Three years after the American Gaming Association was founded in 1995, the organization launched Responsible Gaming Education Week. Since then, there have been myriad changes in the gaming industry, including the opening of brick-and-mortar casinos across the country, the repeal of the Professional and Amateur Sports Protection Act that led to the widespread legalization of sports betting, and the emergence of igaming.
Those seismic shifts led to unparalleled growth and a recognition that more attention needed to be paid to protecting customers at risk of gambling problems.
“While (responsible gaming) has always been a priority, I think it’s become a business imperative,” says AGA Vice President, Strategic Communications and Responsibility Cait DeBaun.
To reflect the ongoing importance of responsible gaming, the AGA is expanding its outreach from a week to a month this year. Responsible Gaming Education Month begins September 1, with the goal of enlisting gaming industry stakeholders to raise awareness of the benefits of responsible gaming.
“When we talk about the industry here, it’s not just operators and manufacturers,” DeBaun says. “It’s those engaged with what we’re doing — media, regulators, sports teams, and leagues, advocates. It’s a moment for everyone to come together and celebrate, reflect, and reinforce our commitment to responsible gaming.”
Companies are devoting more resources to responsible gaming initiatives. Aristocrat Gaming’s ESG Report features a comprehensive approach to the issue, with three points of emphasis — comply, empower, and improve – as the foundation of its program.
But Aristocrat differs in that it refers to RG as responsible gameplay to better reflect the variety of its products.
“A good section of our business is not gambling, but is in the video game, or mobile game space,” says Aristocrat Group General Manager Responsible Gameplay Harry Ashton. “We aimed to have a term, ‘responsible gameplay’, which captures both our regulated gaming business and our mobile business.”
While free-to-play games may seem vastly different from regulated gambling sites, players can experience “difficulties playing video games and mobile games,” Ashton says. “So, for us, it’s about recognizing that and ensuring that we’ve got a policy which looks at the unique circumstances.”
While responsible gaming has become a point of emphasis at recent gaming industry conferences, MGM Resorts developed a comprehensive plan to address the issue five years ago. In 2017, MGM teamed with the British Columbia Lottery Corporation’s GameSense to provide a holistic approach to responsible gaming.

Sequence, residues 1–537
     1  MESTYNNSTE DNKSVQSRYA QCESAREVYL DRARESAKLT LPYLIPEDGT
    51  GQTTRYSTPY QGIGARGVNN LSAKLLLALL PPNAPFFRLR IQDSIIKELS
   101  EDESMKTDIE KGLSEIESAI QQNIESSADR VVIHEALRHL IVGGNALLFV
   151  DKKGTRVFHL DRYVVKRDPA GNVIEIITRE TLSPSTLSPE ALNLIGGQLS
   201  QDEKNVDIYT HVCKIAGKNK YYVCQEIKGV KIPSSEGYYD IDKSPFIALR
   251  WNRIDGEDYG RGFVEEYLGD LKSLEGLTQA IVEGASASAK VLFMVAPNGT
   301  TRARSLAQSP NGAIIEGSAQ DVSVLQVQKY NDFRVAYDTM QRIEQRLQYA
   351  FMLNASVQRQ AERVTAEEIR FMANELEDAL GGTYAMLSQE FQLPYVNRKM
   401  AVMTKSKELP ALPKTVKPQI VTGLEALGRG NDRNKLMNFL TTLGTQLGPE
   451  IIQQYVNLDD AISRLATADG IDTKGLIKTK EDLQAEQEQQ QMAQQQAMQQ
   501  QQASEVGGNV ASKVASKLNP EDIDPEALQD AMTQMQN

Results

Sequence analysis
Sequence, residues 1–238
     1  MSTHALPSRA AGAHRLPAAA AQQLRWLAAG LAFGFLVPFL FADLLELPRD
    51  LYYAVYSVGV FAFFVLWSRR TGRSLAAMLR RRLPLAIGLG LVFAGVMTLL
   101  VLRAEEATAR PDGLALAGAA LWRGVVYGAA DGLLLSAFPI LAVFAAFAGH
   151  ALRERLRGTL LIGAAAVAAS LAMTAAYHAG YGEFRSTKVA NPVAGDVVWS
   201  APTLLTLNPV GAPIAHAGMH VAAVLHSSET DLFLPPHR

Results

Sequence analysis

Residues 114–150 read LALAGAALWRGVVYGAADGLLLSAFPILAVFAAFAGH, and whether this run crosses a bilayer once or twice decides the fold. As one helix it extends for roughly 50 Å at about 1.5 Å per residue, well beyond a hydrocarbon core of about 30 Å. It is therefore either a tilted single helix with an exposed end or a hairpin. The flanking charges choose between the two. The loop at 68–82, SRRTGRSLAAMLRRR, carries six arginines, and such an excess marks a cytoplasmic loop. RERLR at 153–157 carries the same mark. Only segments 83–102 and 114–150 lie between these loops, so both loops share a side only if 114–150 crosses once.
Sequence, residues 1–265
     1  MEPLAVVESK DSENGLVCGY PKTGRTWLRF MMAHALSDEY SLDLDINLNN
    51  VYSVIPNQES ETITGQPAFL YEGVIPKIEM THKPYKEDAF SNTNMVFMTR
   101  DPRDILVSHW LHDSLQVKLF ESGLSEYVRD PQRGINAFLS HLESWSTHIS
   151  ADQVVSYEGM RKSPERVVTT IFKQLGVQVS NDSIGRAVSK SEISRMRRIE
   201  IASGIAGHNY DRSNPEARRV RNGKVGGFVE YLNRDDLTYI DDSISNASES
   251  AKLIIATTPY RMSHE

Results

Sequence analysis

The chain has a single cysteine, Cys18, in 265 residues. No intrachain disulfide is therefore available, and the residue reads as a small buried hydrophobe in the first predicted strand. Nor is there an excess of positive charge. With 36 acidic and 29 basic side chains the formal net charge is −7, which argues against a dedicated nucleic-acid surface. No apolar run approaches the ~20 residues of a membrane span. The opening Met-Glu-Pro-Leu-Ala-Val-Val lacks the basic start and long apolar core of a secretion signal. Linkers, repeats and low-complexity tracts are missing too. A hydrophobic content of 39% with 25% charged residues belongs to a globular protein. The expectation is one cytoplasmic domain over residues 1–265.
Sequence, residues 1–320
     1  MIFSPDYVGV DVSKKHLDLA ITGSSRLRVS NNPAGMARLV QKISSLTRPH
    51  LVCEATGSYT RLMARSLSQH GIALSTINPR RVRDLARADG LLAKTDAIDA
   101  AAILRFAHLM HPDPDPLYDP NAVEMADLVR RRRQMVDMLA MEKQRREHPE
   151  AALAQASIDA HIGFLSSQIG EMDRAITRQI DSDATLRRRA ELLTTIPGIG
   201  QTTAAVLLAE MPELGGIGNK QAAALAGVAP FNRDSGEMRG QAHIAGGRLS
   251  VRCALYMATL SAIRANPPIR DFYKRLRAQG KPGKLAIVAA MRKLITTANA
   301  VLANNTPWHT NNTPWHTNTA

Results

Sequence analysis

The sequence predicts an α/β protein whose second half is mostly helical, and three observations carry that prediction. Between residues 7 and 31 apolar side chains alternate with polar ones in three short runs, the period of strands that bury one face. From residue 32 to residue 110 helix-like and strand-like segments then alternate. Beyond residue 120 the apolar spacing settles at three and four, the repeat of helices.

Before the adoption of GameSense company-wide, BetMGM Responsible Gambling Program Manager Richard Taylor said that the company “focused on the 1-5% of individuals who unfortunately have a gambling-related problem. We were training our staff to recognize the signs and symptoms, providing a problem gambling helpline required by regulation, and really just doing what we could to ensure compliance.”
But when the operator was developing MGM Springfield, it became aware of Game Sense in 2017 through the Massachusetts Gaming Commission.
“We reviewed everything, and it was the program we as a company were looking for,” Taylor says. “It doesn’t just focus on those who may have a problem. It focuses on the entire spectrum of customers. It’s designed as an educational program to explain to our customers how they can gamble responsibly.”
In advance of the RGEM, MGM released a statement committing company resources, including its employees, to address responsible gaming issues.
“Training is a priority,” said MGM Resorts Director of Responsible Gaming Garrett Farnes. “Our employees serve as the front line for the company’s responsible gaming efforts, and we want them to be equipped with the skills needed to ensure guests are informed, confident and in control of their play.”
For teams and leagues entering the sports betting space, the need for programs addressing responsible gaming can be a little daunting, given the complexity of the issue. That’s why the PGA Tour was one of the first professional leagues to sign on to the AGA’s Have a Game Plan. Bet Responsibly campaign
“We’re not a gaming company; we put on world-class golf events,” says PGA Vice President of Gaming Scott Warfield. “So, having the right partners is critical for us.”
The expansion from a week to a month allows the AGA to focus on four critical areas of responsible gaming.
- Sept. 1-10 — Empowering Customers to Play Responsibly
- Sept. 11-17 — Legal, Regulated Gaming Protects Players
- Sept. 18-24 — Employees: The RG Front Line
- Sept. 25-30 — Advancing Responsible Gaming with Technology
DeBaun says the root of the AGA’s approach to responsible gaming parallels the Reno Model, a paper authored by Alex Blaszczynski, Robert Ladouceur, and Howard J. Shaffer published in the Journal of Gambling Studies in 2004. The paper’s introduction states the work “describes a strategic framework that sets out principles to guide industry operators, health service and other welfare providers, interested community groups, consumers and governments and their related agencies in the adoption and implementation of responsible gambling and harm minimization initiatives.”
DeBaun says, “There isn’t a single responsibility for responsible gaming,” and that customers, operators, employees, regulators and other stakeholders have a duty to ensure responsible gaming succeeds.
“That’s where we find success,” DeBaun says. “That’s where we push everything forward. We often get involved in these conversations where people say, one or another party should be doing this differently. I think we need to take a step back and reflect on what we are doing, how that has grown, and what we can continue to grow and evolve into.”
“We need to be looking at what is effective,” DeBaun adds, “and investing in research to understand that.”